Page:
Theodore Finch struggles with depression. Violet Markey is grieving the loss of her sister Eleanor. The two meet when they each attempt to end their lives by jumping off their high school’s bell tower. Finch snaps out of his stupor when he sees his popular classmate Violet and quickly saves her from jumping. Finch leads everyone to believe that Violet, in an act of heroism, had come to the tower that morning to save him from jumping. From then on, bonded by their secret, the two become fast friends working to keep each other from the darkness and focus on the good moments in life.
All the Bright Places by Jennifer Niven, is a fairly accurate depiction of depression. It is well-written and includes vivid imagery that tethers reader to character journey. Niven’s writing gives reader stake in Violet and Finch’s adventure. Niven’s Finch is a witty, charismatic lead who seems to emanate an inner self confidence and critical awareness. His voice prompts the reader to consider things they might otherwise not. In Finch is darkness dipped in humor. His monologue is light enough as not to make a reader too uncomfortable but grave enough to make the reader at least curious and invested in his journey and emotional well-being.
Niven captures the adolescent voice so well. Her characters are not ignorant but are hypervigilant and cynical, yet pragmatic. Many adolescents silently absorb their surroundings and with these characters a voice is given to this internal monologue.
Violet feels she is being ignored and is unseen, calling out for someone to notice but no one digs deeper than below shallow pleasantries. The character reflects a common trait of those struggling with depression. This book gives hope to those afraid of opening up but desperately wish for someone to notices and help them.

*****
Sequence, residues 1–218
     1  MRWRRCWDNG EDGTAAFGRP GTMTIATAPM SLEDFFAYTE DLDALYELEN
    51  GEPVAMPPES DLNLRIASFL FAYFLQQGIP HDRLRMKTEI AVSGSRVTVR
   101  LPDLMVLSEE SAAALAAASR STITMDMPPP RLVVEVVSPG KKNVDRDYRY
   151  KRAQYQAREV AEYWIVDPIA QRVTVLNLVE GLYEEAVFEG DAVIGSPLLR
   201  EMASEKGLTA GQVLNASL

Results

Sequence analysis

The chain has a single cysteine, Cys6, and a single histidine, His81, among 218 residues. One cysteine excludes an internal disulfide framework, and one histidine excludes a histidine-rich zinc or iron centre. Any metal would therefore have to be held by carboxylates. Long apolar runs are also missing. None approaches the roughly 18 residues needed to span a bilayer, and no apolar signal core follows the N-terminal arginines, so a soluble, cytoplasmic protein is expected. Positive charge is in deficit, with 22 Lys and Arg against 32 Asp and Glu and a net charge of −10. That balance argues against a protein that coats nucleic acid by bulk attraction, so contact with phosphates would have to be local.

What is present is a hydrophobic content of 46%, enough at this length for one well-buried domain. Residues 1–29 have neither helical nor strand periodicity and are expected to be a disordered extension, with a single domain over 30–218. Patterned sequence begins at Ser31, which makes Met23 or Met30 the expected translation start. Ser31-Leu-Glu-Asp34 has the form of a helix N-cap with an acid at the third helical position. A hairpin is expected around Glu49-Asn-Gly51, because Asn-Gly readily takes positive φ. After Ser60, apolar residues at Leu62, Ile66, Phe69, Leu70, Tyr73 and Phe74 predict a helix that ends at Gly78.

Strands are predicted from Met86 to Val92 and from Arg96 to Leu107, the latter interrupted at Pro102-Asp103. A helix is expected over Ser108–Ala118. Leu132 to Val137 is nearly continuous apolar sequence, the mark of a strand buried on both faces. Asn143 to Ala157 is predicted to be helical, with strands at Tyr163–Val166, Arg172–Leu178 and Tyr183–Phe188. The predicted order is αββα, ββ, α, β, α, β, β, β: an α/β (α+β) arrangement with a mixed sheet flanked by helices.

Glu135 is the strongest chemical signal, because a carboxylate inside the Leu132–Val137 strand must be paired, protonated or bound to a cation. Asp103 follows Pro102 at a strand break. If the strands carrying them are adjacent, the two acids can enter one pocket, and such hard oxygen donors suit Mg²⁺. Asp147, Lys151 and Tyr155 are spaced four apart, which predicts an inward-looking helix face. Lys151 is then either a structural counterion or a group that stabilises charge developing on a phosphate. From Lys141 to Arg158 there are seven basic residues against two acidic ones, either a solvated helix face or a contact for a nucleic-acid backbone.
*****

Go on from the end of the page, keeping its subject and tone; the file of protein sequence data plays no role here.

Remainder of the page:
This book charges students to look after one another. It shows them they have power in these situations.
However, even with depth of characters, they are sometimes shallow; for example, Violet spends much of the book worrying about her bangs, believing them to be a punishment. These moments are out of place in an otherwise insightful book. Niven also plays into high school clichés: the popular girl falling for the outcast is an overplayed plotline.
Something teachers should also be cautious of is the fact that, in this book, adults oblivious, ineffective and often just don’t understand. This might emphasize fears some student’s may have that they can’t turn to an authority figure. If teaching this book, instructors should take a moment to unpack this, and show students they have someone to which they can turn. Possible essential questions could ask students to consider moments when they felt unheard or ignored and brainstorm solutions to combat these issues.
One of the characters in the book does commit suicide, so teachers should be cautious before assigning it. While I truly believe students will benefit from reading this book, it is not for every classroom, and teachers should approach the subject matter in this book carefully. Mental health and suicide and grief are difficult topics. Whether they’ve directly experienced it or they are just made uncomfortable by the fact that it could happen and do not like thinking about it, students will have a hard time reading and discussing this book. Ultimately, Niven’s book encourages readers to find the beautiful moments in life and focus on the good days. This book is necessary especially in the wake of Thirteen Reasons Why. All the Bright Places depicts suicide in all its forms, not glamorous, not beautiful, not as justice, but dark and frightening and baffling.
By: Naana Obeng-Marnu
Niven, Jennifer. All the Bright Places. Ember, 2015.